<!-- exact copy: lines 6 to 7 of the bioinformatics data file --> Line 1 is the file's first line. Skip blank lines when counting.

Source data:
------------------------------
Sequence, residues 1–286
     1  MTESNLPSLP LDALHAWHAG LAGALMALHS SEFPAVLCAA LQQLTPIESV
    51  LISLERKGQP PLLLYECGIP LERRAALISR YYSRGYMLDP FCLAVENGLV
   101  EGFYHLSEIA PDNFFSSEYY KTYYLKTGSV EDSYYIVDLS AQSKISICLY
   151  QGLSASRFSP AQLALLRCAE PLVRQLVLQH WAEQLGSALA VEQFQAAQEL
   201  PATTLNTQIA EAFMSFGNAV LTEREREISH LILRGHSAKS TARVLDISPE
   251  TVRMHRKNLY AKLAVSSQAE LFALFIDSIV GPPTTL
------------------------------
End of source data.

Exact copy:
   201  PATTLNTQIA EAFMSFGNAV LTEREREISH LILRGHSAKS TARVLDISPE
   251  TVRMHRKNLY AKLAVSSQAE LFALFIDSIV GPPTTL